AM-Pulse: a great tool for MASTERING (!!!)


Mar 17, 2015
AM-Pulse is often mentioned as a great tool for mixing purposes. This is a partial truth, and it's about this great (and forgotten) plugin that I would like to write now.

My claim in this topic is just to touch on some interest - or curiosity - for the use of this tool that on many occasions has surprised me in a very positive way. The following writing is a consolidation of several articles on how this plugin is useful, not only for mixing purposes, but also for mastering.

A transient is a high amplitude, short-duration sound at the beginning of a waveform. It is the initial hit of a sound - initial attack. It's what you first hear when an instrument is made to product a sound or when a beater is applied to a kick drum, that initial thud. Everything that happens after that is how the sound decays, and the transient refers to what happens when a sound is first produced. You can use a transient to make it hit faster or slower. It helps the sound harmonize with the entire track. The main sound is left unaffected.
Transient Shaping (Transient Shapers, Transient Designers, Envelopers) is the art of altering the sudden peaks of a piece of audio. It intends to emphasize the transient response of a recording, that is, to exaggerate the initial sound of a stick on a snare and leave alone the decay event.

These plugins act as equalizers and compressors and they are generally used for percussion instruments like drums. When the effect is increased the plugins make the drum’s tone sharp and very clear throughout the different layers of audio present in the file; decreased, the drum sound is mellowed.

They stand somewhere between equalizers and compressors, but the aim of Transient Shaping is to affect only the Attack and Sustain phase of a sound, so these effects are capable of enhancing or attenuating each of these with precise accuracy.

It’s very easy to get perfect balance of the bass with perfectly locking in the drum track with it, making the sound complete and crunchy. It helps in equalizing the track and keeps everything in balance.

  • Attack: Increase the punch of the initial part of the sound, or lower it to make it softer and less "in your face". This function adds or subtracts decibels like an equalizer, boosting or cutting the amplitude of the first part of the sound.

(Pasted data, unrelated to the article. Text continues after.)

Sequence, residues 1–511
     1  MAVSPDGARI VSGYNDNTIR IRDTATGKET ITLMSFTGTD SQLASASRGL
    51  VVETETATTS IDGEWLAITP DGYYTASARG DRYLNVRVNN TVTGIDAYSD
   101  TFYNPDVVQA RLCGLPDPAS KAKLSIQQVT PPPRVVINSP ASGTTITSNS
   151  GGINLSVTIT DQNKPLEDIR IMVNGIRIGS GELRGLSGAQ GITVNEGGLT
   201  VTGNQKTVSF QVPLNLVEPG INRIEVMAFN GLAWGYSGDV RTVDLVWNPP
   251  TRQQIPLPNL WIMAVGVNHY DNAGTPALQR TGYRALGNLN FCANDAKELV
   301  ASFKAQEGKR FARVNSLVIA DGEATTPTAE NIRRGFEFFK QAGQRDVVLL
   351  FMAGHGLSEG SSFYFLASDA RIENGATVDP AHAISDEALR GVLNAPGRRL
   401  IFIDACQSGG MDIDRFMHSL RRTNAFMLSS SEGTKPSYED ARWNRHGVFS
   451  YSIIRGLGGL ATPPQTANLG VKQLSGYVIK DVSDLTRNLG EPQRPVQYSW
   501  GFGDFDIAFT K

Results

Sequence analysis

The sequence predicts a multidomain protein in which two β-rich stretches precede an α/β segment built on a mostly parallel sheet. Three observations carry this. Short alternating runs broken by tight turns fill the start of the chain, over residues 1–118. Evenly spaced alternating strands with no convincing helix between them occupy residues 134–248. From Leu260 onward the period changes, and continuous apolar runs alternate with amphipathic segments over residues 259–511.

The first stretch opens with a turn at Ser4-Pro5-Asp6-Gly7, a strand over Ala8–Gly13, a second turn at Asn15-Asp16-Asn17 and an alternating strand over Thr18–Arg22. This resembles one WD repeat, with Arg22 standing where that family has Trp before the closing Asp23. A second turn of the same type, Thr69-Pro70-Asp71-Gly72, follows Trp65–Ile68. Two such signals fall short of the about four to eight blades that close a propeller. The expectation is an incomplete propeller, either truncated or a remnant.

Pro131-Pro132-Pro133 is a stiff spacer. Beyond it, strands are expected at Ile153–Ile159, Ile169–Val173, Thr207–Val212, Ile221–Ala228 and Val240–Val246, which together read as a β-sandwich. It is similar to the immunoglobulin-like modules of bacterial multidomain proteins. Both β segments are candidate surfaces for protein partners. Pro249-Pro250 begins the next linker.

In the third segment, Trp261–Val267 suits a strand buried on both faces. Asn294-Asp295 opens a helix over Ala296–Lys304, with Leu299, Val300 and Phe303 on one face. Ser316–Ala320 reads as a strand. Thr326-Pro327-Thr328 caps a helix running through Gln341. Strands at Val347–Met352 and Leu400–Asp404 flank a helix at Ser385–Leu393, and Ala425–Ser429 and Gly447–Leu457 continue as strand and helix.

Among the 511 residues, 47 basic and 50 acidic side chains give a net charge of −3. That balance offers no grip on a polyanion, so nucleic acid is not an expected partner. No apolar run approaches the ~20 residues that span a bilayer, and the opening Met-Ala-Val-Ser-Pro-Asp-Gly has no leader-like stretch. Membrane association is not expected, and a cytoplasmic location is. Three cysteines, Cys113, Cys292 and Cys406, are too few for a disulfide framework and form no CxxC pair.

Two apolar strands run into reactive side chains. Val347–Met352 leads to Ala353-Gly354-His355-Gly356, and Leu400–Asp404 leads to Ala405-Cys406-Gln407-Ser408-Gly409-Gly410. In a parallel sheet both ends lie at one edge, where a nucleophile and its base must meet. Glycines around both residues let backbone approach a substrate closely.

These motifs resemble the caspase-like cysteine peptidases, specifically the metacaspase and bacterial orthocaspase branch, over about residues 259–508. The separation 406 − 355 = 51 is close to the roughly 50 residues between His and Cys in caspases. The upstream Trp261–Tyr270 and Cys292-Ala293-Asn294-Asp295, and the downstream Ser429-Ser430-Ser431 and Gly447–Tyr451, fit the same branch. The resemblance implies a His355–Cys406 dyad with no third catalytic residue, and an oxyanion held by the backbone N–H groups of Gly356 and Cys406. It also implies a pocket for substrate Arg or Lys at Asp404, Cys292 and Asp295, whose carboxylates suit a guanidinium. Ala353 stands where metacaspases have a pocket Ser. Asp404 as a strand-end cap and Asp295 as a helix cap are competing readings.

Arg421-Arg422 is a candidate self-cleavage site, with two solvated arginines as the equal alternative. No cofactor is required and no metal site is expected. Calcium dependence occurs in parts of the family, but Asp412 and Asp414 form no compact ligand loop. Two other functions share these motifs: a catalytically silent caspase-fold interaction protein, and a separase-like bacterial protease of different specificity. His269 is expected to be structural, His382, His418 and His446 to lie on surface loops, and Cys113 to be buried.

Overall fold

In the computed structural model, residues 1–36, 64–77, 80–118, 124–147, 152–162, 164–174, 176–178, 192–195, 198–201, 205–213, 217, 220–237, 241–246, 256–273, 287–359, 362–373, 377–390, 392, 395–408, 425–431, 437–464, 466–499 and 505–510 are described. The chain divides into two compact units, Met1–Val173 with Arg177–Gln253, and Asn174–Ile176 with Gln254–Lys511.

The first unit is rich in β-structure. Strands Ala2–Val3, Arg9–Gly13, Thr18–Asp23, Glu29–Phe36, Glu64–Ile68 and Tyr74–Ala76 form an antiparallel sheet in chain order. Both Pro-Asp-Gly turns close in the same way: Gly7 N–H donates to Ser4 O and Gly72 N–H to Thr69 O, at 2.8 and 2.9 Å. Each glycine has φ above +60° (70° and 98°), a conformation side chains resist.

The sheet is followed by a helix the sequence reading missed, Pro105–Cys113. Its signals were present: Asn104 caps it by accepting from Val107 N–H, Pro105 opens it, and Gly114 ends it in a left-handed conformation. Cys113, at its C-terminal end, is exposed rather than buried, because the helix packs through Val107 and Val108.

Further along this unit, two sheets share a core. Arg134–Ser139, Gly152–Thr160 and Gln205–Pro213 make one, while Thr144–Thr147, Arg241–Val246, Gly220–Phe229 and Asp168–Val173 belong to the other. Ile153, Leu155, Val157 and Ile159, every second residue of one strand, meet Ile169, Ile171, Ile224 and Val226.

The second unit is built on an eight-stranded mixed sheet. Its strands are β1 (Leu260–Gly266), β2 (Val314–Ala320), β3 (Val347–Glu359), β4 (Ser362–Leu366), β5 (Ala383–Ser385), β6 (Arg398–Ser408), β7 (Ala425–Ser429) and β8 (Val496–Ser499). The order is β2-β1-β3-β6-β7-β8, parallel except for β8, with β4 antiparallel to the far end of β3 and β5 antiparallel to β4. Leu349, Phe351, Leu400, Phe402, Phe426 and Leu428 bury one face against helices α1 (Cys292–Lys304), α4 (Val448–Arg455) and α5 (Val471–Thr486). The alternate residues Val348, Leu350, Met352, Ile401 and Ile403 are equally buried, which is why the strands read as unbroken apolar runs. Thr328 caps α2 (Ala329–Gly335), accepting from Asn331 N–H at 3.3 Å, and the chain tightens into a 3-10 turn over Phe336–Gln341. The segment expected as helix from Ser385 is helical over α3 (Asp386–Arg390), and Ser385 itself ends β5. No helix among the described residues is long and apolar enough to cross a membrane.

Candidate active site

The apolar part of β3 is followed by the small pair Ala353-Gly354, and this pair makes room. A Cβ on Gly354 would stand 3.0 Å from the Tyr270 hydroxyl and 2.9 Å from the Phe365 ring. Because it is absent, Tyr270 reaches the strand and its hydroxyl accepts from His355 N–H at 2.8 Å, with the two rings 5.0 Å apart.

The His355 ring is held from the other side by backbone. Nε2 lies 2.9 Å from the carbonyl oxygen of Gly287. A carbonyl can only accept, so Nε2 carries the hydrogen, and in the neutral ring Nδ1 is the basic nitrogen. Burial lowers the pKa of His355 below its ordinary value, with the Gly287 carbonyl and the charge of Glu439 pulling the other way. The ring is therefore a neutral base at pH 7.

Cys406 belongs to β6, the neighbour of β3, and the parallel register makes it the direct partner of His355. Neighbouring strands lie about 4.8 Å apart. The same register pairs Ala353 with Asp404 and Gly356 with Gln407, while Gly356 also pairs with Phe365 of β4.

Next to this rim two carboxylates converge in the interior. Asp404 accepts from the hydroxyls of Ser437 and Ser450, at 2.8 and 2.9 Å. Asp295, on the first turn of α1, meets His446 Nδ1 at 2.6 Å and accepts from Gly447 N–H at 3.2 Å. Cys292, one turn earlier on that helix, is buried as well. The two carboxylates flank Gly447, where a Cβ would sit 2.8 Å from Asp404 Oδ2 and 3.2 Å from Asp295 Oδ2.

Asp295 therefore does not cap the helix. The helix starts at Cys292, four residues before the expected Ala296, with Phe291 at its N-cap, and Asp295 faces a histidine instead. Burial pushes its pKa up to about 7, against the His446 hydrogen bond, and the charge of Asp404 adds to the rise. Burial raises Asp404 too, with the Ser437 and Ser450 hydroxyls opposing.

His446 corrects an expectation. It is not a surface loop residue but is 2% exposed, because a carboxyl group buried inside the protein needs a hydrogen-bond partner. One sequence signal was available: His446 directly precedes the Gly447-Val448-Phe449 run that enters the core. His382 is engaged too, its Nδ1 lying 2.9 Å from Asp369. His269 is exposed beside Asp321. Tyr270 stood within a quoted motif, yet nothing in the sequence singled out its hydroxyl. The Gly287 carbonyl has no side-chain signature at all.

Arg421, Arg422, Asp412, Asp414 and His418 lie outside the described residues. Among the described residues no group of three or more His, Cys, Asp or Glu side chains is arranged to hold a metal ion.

• Sustain: This control affects the "tail" of the sound. The sustain control is useful to get the sound closer or farther away from the listener, leaving it more natural.
  • Gain: It is used to lower the volume of the sound when needed, especially when increasing the attack: the volume of the signal will be increased, so it’s well worth lowering the output level of the plug-in to avoid clipping.

Make the sound louder, give it more expressiveness and more punch by increasing the attack. Life is added and you can clearly hear the punch introduced to the initial transients.

When adding attack in this way the volume of the signal will be increased, so it’s well worth lowering the output level of the plug-in to avoid clipping.


The exact opposite of adding punch and snap to sounds involves softening the attack of a sound’s transients. For instance, say you record a percussion or guitar part and you find the microphones were too close. You may find these sharper sounds have a little too much bite and cut into other elements of your mix.

Traditionally, the solution would be to use dynamics processors such as a compressor or limiter and in some cases the situation might even require going back to the drawing board and re-recording the sound! This is where transient design really comes into its own as a problem solver, it really can save the day when it comes to getting certain instruments to sit perfectly in the mix.